Question:I'm just about ready to retire from my job as a billings analyst. My carpal tunnel seems to be getting worse every year. The doctor thinks I should have carpal tunnel surgery now. If I had less pain, I might be able to work longer. She wants me to have electrical nerve tests done first. After six months of pain and numbness, is this step really necessary?
Answer:A recent study showed that patient report of symptoms and the results of electrodiagnostic testing does provide different information. Sometimes patients have ongoing symptoms but no changes in nerve function. These people may benefit more from conservative care than surgery.
In other cases, the median nerve gets pinched or compressed as it goes through the circle of bones in the wrist (the carpal tunnel). Testing will be able to demonstrate the need for surgery.
There's been some suggestion that psychologic factors are important in chronic pain problems. Patients who are depressed, anxious, or dissatisfied at work have more intense, longer lasting symptoms. Surgery won't necessarily change the picture. A job change or even retirement may be much more effective.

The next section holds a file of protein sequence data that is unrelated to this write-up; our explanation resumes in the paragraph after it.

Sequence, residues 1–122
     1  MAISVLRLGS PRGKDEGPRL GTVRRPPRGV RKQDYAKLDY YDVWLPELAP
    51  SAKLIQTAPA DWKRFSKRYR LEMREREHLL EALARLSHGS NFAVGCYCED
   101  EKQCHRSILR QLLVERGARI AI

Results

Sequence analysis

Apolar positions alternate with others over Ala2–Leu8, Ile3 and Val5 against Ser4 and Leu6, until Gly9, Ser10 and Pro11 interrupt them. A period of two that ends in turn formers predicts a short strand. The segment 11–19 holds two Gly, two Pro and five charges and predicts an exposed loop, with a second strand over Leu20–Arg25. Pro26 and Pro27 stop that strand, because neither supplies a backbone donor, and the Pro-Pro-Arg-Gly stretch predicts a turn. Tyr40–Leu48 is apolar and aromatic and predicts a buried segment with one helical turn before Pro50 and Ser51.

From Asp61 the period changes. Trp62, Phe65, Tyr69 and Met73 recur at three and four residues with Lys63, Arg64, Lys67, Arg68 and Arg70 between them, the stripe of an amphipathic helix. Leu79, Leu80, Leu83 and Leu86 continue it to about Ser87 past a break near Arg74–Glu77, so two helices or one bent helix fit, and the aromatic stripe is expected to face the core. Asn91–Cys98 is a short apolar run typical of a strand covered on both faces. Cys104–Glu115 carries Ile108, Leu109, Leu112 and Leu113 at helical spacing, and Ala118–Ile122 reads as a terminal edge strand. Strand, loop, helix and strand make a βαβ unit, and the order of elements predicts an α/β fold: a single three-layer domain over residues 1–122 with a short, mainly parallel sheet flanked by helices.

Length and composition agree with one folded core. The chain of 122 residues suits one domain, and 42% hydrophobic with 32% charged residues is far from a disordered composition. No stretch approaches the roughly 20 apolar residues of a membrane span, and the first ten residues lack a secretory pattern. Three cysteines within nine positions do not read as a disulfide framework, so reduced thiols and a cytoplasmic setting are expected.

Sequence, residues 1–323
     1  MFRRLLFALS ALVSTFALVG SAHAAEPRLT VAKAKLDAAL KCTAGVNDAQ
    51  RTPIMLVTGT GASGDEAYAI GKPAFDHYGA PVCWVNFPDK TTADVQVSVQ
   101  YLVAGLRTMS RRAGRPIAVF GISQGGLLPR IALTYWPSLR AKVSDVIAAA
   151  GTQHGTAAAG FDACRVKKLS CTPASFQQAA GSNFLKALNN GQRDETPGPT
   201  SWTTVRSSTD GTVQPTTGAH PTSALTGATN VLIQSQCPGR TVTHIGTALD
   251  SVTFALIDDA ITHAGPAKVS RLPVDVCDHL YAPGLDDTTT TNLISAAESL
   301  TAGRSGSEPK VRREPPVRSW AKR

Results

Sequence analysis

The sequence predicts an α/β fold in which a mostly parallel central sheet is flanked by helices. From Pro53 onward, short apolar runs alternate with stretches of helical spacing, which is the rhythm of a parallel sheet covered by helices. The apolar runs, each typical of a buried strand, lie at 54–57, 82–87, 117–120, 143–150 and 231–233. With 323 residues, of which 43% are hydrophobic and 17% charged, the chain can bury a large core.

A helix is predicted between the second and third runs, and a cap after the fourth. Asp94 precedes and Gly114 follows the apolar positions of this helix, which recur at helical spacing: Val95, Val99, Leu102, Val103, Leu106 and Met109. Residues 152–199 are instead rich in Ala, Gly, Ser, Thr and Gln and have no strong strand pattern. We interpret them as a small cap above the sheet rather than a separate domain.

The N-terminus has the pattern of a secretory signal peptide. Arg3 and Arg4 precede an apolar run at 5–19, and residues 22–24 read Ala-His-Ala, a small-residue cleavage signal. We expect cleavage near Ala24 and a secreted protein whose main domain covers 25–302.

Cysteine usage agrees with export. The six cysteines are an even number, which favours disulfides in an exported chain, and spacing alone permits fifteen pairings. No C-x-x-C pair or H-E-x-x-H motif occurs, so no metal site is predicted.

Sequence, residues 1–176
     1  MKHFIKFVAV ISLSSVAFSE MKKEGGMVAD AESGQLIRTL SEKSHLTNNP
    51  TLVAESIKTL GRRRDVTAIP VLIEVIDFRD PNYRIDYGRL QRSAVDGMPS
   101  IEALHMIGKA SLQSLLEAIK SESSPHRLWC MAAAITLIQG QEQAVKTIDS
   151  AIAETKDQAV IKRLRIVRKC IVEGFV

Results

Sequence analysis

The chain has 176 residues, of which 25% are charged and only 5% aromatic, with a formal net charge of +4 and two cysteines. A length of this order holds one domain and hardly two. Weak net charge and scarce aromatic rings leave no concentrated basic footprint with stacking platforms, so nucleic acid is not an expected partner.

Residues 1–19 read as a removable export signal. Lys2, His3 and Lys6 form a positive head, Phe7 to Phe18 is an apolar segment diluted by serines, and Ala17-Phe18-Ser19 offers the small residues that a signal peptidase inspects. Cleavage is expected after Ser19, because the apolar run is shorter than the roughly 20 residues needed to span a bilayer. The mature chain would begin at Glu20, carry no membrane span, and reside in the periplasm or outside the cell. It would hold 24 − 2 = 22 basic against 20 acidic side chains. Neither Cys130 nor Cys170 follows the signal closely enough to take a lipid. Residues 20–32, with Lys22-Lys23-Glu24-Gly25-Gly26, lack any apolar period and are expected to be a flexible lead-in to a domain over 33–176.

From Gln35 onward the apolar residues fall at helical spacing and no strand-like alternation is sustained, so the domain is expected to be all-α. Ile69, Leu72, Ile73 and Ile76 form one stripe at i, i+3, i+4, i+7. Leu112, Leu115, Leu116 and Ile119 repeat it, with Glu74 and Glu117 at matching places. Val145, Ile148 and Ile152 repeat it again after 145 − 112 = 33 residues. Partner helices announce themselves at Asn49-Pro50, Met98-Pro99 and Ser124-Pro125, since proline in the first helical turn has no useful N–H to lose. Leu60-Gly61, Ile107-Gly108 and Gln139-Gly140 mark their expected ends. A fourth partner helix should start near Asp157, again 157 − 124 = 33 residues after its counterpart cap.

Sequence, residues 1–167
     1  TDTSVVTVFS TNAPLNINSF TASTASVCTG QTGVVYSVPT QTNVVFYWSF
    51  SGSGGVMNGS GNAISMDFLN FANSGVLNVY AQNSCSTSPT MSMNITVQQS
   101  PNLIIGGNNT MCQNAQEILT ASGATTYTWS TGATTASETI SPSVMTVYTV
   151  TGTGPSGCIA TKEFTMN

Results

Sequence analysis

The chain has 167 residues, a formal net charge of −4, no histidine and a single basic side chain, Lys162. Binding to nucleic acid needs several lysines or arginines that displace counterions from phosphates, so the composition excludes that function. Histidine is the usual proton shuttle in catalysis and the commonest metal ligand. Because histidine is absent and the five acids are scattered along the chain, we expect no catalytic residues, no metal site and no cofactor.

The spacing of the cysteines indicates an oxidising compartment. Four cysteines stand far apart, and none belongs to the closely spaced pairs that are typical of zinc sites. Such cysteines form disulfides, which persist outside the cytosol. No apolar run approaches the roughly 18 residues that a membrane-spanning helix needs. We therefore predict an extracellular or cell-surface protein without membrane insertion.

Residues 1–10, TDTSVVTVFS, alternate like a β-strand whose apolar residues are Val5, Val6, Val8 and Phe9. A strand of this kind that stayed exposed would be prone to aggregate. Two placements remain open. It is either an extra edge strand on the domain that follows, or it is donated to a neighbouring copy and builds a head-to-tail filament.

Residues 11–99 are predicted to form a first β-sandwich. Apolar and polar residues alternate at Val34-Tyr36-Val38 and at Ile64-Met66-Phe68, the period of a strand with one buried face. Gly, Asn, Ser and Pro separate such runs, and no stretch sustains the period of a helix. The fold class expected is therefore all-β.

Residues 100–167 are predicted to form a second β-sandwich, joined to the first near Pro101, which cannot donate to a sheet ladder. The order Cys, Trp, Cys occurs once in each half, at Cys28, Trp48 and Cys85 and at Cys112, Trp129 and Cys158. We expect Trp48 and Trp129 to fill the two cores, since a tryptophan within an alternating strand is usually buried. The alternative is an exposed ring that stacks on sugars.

Experts advise physicians (especially surgeons) to use patient report of symptoms and function along with electrodiagnostic results when deciding to do surgery. If your physician suggested nerve conduction velocity tests, it's likely a very necessary step in the decision process.Leighton Chan, MD, MPH, et al. The Relationship Between Electrodiagnostic Findings and Patient Symptoms and Function in Carpal Tunnel Syndrome. In Archives of Physical Medicine and Rehabilitation. January 2007. Vol. 88. No. 1. Pp. 19-24.
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